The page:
- Silky-grey to white mushroom color: Finally, dry rot sometimes develops a silky grey or mushroom-white top layer in drier conditions. The “skin” is often blown away by the wind. Otherwise, it sticks around with yellow or lilac patches.
You may observe a few other signs of dry rot. The only problem is that it’s easy to confuse the signs with wet rot and mold. So, we recommend analyzing the additional signs alongside the color of the affected area;
- Mushroom-like odor: Dry rot produces a characteristic damp, musty, fungal smell that you can feel several feet away. The dry rot smell may not necessarily mean full-blown rotting is underway. But it always points to rot-like conditions.
- Deep cracks across the wood grain: Dry rot leaves deep cracks across (not along) the wood grain, forming little cubicles. These cracks are often lined with mycelium.
- Rotting on visibly dry surfaces: The main distinction between dry and wet rot is that wet rot only grows on highly porous and damp surfaces, typically with 50% moisture. Meanwhile, dry rot can grow on visibly dry surfaces, including plasterwork and paintwork.
Treating Dry Rot
The first step to treating dry rot is removing the moisture. This often involves repairing pipe leaks and rain damage. Without moisture to sustain the colony, the fungi die, and the affected wood dries up.
Next, you need to dry the affected wood. Airing the boards in the open sun to dry is one option. Alternatively, use heaters or a hair dryer for smaller wood pieces.
Indeed, heat treatment is now considered a practical stand-alone rot removal solution. Two particularly common heat treatment solutions are heat fumigation and microwave treatment.
Heat treatment utilizes heaters and lamps, while microwave treatment utilizes a microwave. Unfortunately, both methods are expensive.
After eliminating moisture sources, drying the rotted wood with a heat source, and enhancing ventilation, consider the following;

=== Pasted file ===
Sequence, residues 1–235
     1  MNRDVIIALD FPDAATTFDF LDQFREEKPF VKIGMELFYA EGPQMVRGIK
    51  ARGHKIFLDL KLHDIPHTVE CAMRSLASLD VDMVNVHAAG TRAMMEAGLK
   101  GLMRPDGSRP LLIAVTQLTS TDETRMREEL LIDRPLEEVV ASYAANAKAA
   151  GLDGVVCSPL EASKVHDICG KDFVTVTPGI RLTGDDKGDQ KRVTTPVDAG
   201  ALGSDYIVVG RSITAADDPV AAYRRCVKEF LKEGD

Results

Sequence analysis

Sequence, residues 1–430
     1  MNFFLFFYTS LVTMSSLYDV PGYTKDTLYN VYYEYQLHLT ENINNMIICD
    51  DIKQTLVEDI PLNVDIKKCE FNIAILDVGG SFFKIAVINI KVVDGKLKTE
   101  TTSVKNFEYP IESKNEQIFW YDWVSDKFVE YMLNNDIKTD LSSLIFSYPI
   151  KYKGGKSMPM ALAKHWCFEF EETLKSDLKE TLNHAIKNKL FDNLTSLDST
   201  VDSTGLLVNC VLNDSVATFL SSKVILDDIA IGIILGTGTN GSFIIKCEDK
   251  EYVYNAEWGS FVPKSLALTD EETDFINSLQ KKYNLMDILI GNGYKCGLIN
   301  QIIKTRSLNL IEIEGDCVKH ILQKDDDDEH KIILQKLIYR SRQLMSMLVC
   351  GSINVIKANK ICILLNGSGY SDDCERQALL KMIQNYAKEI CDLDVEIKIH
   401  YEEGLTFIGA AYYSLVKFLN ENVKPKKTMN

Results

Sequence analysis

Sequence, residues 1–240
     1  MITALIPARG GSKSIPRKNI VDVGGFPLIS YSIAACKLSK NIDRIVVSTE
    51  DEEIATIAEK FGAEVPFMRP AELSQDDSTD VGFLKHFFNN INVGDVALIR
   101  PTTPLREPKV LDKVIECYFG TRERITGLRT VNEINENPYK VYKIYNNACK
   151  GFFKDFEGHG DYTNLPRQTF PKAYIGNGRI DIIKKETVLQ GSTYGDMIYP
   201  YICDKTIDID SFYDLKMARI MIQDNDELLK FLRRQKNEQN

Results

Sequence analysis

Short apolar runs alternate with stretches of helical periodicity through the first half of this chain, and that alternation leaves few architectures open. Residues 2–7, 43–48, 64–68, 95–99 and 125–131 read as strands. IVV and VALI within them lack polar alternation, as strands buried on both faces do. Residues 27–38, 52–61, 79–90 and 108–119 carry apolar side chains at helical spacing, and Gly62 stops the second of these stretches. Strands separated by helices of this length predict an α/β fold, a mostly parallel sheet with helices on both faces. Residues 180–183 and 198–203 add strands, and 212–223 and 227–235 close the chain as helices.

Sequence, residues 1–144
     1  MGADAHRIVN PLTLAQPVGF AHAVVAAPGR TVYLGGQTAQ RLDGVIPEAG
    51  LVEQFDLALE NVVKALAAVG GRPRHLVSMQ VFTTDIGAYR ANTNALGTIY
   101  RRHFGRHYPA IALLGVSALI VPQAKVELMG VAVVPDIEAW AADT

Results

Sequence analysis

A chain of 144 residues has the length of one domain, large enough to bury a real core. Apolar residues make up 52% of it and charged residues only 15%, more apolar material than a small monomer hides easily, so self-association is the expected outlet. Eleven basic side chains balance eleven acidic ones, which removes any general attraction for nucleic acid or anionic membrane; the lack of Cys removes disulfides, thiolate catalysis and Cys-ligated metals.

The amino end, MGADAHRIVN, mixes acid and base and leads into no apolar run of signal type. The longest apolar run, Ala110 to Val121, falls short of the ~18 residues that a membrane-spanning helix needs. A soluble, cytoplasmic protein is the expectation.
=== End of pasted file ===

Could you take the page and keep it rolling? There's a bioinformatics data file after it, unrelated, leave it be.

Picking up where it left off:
- Remove rotten wood sections: Badly rotted wood sections may be too weak to support the structure. Moreover, rotten wood structures increase the risk of injuries and fatalities. So, it’s best to remove and replace them with fresh, stronger wood.
- Replace with pre-treated timber: When replacing rotten wood, consider pre-treated replacement timber. Pressure-treated wood is not 100% rot-resistant. However, it’s much more water-resistant than ordinary lumber. Therefore, it doesn’t rot readily.
- Treat sound wood surfaces with a dual-purpose dry rot treatment fluid: Finally, after replacing the worst-affected parts, it’s time to treat the structure with a dual-purpose dry rot treatment. The best dry rot treatment solutions are borates and glycol.
Borate-Based Wood Preservatives
Borate-based preservatives are best for treating new wood, though you can also use them to treat existing, rot-damaged sections.
The treatment process involves spraying a borate solution over the affected surfaces or drilling holes in the affected area and injecting the solution into the holes. Bora-Care and Tim-Bor are the best-known borate rot treatments.
They are water-soluble solutions that easily penetrate the wood surface for deep rot and termite protection. Unfortunately, water-solubility also means borates may destroy the surface’s protective coating.
Glycol is a critical ingredient in many types of antifreeze and other de-icing solutions. You have two options – ethyl glycol and propylene glycol.
The former is highly effective against termites and rot-causing fungi. Unfortunately, it’s toxic to humans. Meanwhile, propyl glycol is less toxic but not as powerful against rot as ethyl glycol.